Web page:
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Heat Source

Discussion in 'Homebrewing' started by hoosier3334, Apr 3, 2012.

  1. hoosier3334

    hoosier3334 Member

    Location:
    Indiana
    I brewed my first batch today (Irish Red kit from Midwest) and had to wait a long time for my electric stove to bring the wort to a boil. I'm now looking at alternative heat sources, and think that turkey fryers are the best option, but has anyone tried a "hot plate"/single coil electric burner? I know that these are used for canning, and could see how they would be used for brewing. Or is the turkey fryer the way to go? Thanks!
  2. yinzer

    yinzer Member

    Location:
    Pennsylvania
    I believe that when you are canning you have a closed pot. Which is totally different.

    To brew you need some juice. And if you didn't know, propane cookers are rated on how fast they burn fuel and not how efficient that they are. I love my Blichmann burner. If you don't know of Blichmann, he makes some very good and yet very expensive products. But his set up seems to be the most efficient burner on the market. Since I know that I'm in the game for the long haul I bought one. If you aren't sure then going cheaper is an option. You could always use the cheaper burner for a hot liquor tank burner or whatever.
  3. goodonezach

    goodonezach Member

    Location:
    New York
    most people use a turkey fryer. how much of your wort do you boil? i do a little more than 3 gallons on my electric stove and it takes a little while but at this point i think there are better things i could upgrade first.
  4. ajaxivan

    ajaxivan Member

    Location:
    Pennsylvania
    If you can brew outside yes, I would highly recommend a turkey fryer type burner. I was lucky enough to be given one but they are reasonably priced. If you ever plan on doing full boils, it's the way to go.
  5. tngolfer

    tngolfer Member

    Location:
    Tennessee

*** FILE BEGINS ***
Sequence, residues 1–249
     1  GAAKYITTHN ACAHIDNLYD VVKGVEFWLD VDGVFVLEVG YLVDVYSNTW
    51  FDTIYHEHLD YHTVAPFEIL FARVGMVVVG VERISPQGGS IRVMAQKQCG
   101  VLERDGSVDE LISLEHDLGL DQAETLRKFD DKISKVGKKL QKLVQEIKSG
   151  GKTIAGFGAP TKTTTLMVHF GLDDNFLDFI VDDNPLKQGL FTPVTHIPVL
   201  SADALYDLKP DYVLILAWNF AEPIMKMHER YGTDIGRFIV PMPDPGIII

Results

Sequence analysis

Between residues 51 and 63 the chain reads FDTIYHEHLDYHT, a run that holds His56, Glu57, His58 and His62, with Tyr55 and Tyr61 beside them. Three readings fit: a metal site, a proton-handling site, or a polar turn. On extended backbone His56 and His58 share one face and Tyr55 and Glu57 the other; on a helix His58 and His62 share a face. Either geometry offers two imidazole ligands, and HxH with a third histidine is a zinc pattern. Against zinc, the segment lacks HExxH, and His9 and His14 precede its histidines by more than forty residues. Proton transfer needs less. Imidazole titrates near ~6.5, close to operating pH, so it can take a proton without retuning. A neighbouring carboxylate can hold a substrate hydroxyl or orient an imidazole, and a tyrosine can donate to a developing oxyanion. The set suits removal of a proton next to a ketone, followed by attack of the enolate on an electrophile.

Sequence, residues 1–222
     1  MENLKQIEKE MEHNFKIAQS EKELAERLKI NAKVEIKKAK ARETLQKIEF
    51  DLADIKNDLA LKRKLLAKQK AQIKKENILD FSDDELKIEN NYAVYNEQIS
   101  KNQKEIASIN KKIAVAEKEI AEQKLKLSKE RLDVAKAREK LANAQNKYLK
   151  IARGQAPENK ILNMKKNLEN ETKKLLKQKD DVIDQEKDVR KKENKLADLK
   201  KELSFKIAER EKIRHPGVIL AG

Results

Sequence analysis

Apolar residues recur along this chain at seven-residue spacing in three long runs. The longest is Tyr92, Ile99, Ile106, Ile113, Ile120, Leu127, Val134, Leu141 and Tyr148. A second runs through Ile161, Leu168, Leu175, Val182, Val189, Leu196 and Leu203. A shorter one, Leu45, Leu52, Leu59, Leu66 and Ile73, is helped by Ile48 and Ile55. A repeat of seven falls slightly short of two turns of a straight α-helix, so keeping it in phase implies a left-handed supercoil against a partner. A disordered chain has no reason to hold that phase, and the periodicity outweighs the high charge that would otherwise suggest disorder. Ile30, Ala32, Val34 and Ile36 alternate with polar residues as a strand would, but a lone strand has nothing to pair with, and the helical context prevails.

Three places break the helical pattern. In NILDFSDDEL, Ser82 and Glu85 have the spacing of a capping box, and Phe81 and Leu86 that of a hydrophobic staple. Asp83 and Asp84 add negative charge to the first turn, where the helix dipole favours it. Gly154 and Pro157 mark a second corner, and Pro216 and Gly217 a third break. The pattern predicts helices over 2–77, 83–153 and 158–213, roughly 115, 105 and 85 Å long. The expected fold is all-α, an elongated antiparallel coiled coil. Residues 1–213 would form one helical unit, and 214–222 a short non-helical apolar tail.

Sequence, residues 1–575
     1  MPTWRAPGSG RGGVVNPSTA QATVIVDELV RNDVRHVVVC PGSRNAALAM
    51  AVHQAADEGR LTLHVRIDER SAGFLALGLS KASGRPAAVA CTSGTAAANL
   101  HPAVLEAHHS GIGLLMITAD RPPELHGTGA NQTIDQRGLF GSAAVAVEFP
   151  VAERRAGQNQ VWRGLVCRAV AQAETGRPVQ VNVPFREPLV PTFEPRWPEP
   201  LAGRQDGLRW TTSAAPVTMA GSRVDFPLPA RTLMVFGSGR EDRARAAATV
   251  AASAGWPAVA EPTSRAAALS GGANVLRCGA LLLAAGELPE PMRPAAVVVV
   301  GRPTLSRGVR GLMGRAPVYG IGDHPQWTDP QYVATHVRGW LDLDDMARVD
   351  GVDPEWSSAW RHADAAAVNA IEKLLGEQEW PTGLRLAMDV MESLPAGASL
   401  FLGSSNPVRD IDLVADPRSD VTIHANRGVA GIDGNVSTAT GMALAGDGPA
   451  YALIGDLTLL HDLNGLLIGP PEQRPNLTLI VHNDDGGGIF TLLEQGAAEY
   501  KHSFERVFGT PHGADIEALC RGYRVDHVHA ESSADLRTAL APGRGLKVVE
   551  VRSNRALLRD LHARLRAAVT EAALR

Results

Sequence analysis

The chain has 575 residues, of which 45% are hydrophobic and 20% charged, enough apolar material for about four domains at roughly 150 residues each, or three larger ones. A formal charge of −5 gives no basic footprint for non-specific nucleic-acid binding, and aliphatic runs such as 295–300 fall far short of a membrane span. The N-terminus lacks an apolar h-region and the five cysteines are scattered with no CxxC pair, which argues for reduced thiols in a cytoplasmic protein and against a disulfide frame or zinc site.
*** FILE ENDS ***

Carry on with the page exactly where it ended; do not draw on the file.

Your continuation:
I use a turkey fryer. Make sure to get one with at least a 30 qt. pot because you will need it if you stick with the hobby and move on to all-grain brewing. A fryer with a pot should run you in the $35-50 range.

    Welcome to brewing!
  6. hoosier3334

    hoosier3334 Member

    Location:
    Indiana
    Thanks a lot everyone. When I heard of the electric option I was skeptical since I hadn't really read of anyone using one. Looks like I'm in the market for a turkey fryer now. Thanks again!
  7. goodonezach

    goodonezach Member

    Location:
    New York
    where can you find those prices? most brew kettles i've seen that are big enough for a full boil start at $50
  8. Prostman81

    Prostman81 Member

    Location:
    Illinois
    Blichmann burners are the shiznit. I'm usually having to turn my burner DOWN while boiling because it kicks out so much heat.
  9. tngolfer

    tngolfer Member

    Location:
    Tennessee
    Got mine at Bass Pro.
  10. hoosier3334

    hoosier3334 Member

    Location:
    Indiana
    I found the one at bass pro for $30 (burner and 10.5qt...i have a 24qt now). i'll be getting that one soon.
  11. dgs

    dgs Member

    Location:
    Pennsylvania
    I have not jumped into this, yet, but some brewers, both electric and non-electric, supplement their brewing with a "heat stick". Searching will turn up DIY plans for heat sticks made with electric water heater elements, with a price of about $30. From one site:
    "Compared to propane, electricity is highly efficient. A 2000W heatstick will bring 5 gallons of 50 F tap water to mash temps in about 45 minutes, and then go from mashout to boil in another 15 minutes or so. If you figure an hour boil, that's 2 hours x 2000W or 4 kWh. At $0.15 per kWh, that's a whopping $.60 for a brew session!"

    I have also read of brewers using a bucket heater - perhaps easier for the non-DIY type:
    http://www.amazon.com/MARSHALLTOWN-Premier-742G-Bucket-Heater/dp/B000BDB4UG

    I brew on an electric stove top, but do not do 5 gallon batch full volume boils. (I do smaller batches). No matter what method you use, use the lid to heat faster. Don't cover completely during the boil, but a partially covered pot can help maintain a rolling boil.
  12. VikeMan

    VikeMan Member

    Location:
    Pennsylvania
    A partially covered pot will also inhibit (but not eliminate) the evaporation of DMS precursors. So while it's sometimes necessary, I'd avoid it if possible.

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